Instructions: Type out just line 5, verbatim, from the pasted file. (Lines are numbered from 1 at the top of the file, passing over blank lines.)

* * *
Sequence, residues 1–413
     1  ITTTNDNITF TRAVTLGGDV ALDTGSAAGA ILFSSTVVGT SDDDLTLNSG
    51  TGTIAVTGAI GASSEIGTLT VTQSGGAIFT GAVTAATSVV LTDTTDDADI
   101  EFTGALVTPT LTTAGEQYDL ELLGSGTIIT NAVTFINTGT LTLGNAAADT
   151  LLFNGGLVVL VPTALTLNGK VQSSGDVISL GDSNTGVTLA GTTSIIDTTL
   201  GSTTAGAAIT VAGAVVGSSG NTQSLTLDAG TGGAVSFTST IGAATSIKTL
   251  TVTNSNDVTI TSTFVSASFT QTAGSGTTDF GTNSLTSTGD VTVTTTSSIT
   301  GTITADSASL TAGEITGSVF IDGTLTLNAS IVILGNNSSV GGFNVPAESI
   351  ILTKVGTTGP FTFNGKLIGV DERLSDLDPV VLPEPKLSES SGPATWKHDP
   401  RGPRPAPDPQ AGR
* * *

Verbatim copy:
   151  LLFNGGLVVL VPTALTLNGK VQSSGDVISL GDSNTGVTLA GTTSIIDTTL